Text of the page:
Money-making microcaps: Will these stocks be profitable again this year?
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Small cap investors may not expect profitability in the near future but would think of it as a handy bonus.
As annual reporting season looms, Stockhead has tracked down profitable micro-cap stocks (under $100m) that announced after tax profits last annual reporting season.
The biggest on the list was Velocity Property Group (ASX:VP7) which last year recorded a profit of nearly $98m.
How can a stock with a profit $98m have a market cap of just $10m?
Because its market cap is just the total value of its shares. Stocks in capital intensive industries such as property developments and aviation can be valued higher on different valuation metrics such as enterprise value.
Following Velocity was base metals explorer Aeris Resources (ASX:AIS), which made a $61.5m profit in FY18.
Aeris is in production and in FY19 has exceeded production targets at anticipated cost levels.
While some stocks have gained, on average these are down 12 per cent in 12 months. One of the highest profitable firms, The Reject Shop (ASX:TRS) anticipates a loss of $3.1-$4.1m.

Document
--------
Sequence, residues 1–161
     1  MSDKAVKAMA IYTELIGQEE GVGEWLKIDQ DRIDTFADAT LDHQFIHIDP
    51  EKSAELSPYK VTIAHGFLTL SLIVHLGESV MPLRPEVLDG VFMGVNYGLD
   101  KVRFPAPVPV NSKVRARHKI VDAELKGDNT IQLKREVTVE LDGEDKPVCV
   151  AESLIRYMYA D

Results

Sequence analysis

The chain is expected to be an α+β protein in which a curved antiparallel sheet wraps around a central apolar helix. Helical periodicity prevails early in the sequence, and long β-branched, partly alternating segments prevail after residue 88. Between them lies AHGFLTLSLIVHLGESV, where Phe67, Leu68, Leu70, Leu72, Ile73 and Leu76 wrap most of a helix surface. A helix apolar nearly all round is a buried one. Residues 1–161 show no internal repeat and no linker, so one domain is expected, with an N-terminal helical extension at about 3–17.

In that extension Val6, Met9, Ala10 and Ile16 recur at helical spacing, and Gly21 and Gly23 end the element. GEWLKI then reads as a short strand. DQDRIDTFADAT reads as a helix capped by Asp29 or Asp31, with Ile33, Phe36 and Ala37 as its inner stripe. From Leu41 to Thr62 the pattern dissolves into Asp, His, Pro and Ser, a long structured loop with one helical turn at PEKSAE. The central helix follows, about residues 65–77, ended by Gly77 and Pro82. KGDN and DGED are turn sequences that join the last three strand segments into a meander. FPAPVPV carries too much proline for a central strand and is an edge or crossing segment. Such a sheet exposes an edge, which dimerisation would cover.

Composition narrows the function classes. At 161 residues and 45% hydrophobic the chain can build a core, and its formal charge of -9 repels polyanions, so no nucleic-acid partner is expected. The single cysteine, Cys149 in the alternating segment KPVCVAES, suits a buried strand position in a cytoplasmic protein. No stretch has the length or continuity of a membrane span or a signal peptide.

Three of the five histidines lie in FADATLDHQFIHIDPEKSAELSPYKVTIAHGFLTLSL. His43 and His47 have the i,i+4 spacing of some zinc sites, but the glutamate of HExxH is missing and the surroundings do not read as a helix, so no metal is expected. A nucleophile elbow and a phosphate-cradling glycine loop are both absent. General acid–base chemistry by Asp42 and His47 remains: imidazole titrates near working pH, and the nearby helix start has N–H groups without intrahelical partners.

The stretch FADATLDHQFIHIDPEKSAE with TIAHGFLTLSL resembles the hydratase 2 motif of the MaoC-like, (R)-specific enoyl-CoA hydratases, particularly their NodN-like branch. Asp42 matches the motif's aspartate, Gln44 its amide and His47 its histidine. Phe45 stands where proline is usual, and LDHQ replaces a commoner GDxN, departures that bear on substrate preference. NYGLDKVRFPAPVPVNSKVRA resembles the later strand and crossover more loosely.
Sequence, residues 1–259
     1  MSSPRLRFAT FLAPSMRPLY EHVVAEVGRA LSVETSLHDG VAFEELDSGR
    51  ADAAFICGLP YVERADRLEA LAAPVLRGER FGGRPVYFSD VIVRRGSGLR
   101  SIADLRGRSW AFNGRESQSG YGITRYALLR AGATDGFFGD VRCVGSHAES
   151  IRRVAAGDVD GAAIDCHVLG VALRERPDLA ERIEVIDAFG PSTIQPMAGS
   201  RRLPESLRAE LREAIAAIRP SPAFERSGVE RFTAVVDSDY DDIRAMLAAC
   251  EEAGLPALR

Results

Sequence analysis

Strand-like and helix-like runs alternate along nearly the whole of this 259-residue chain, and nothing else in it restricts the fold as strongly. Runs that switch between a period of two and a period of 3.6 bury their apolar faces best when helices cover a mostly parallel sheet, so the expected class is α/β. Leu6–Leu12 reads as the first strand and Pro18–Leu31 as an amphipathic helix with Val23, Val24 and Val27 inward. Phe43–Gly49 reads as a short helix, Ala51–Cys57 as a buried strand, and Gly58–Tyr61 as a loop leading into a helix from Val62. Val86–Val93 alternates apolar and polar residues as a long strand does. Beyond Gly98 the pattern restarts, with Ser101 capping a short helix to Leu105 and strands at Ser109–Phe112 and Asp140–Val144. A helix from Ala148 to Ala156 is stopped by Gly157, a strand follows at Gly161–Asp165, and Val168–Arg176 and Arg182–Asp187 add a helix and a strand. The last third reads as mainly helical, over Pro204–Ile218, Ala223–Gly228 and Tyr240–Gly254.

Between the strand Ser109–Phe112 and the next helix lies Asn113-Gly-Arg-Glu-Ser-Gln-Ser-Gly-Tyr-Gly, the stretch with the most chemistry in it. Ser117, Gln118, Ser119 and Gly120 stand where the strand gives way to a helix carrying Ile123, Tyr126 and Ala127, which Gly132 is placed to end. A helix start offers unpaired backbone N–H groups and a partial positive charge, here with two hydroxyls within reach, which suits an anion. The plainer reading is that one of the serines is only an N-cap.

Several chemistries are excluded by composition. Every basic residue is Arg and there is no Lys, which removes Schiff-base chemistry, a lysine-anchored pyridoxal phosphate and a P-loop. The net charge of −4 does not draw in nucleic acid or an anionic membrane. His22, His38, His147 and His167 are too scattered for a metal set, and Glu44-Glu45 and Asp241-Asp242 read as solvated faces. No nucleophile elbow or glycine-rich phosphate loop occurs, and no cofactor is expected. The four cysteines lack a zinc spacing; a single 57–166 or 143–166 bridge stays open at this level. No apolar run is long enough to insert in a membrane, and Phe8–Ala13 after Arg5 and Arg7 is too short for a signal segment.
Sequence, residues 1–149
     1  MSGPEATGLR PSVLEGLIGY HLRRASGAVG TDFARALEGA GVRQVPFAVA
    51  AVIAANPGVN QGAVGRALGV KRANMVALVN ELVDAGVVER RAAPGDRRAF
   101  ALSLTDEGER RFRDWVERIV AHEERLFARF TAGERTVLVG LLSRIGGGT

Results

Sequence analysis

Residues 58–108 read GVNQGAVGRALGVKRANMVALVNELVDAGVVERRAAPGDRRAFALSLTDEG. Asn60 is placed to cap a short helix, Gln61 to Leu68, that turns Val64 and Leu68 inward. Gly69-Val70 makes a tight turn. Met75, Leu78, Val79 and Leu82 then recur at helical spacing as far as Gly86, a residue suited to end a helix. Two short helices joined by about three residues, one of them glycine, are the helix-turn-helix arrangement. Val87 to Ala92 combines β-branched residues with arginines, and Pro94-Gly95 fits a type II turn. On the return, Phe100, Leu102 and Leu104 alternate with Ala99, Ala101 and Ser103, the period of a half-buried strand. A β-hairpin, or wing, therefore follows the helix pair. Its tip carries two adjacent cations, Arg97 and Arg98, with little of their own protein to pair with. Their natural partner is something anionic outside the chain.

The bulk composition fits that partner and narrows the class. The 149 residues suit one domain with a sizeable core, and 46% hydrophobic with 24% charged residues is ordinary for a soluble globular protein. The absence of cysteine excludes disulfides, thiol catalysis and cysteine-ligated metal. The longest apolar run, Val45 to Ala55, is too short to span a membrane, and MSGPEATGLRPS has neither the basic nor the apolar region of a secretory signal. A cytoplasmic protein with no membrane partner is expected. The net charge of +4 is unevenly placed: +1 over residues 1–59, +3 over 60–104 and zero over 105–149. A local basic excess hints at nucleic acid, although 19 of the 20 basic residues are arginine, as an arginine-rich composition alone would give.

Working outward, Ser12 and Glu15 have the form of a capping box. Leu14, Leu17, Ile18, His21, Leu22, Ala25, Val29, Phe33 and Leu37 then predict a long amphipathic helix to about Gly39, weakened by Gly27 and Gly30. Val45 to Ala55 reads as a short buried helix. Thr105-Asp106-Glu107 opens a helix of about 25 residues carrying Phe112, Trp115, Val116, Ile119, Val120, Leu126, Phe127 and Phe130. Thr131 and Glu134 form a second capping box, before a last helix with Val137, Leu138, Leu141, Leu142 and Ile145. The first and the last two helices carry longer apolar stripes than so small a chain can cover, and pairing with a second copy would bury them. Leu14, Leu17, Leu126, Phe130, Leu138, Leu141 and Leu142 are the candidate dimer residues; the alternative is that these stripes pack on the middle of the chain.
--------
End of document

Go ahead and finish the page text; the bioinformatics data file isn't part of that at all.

Increased competition and falling consumer spending is believed to be the largest cause of this.
Not even the Christmas and Easter shopping periods could save it. Chairman Bill Stevens said in May, upon announcing the profit downgrade, that he was still confident the company had good long-term prospects.
Next was Apollo Tourism and Leisure (ASX:ATL), which recorded a $19.2m profit after tax. This year it still expects a profit but it will be slightly lower – between $14 and $15.5m due to a softening travel market.
Companies still have to release results for the June quarter and these are due by Wednesday July 31.
Preliminary final reports are due by the end of August and the deadline for paying annual listing fees is around this time as well. Any stock that does not pay up will be suspended and on a ‘name and shame list’.
Concise financial reports are due at the end of September and final annual reports are due on October 31. The latter is the same date as the next quarterly deadline.
However, companies using its home jurisdiction’s financial year (such as New Zealand) are permitted to use adjusted deadlines (2, 3 and 4 months after the end) for these purposes.
Nevertheless, companies using the calendar year will have to release half-yearly reports and they will be just as insightful as their full-year reports.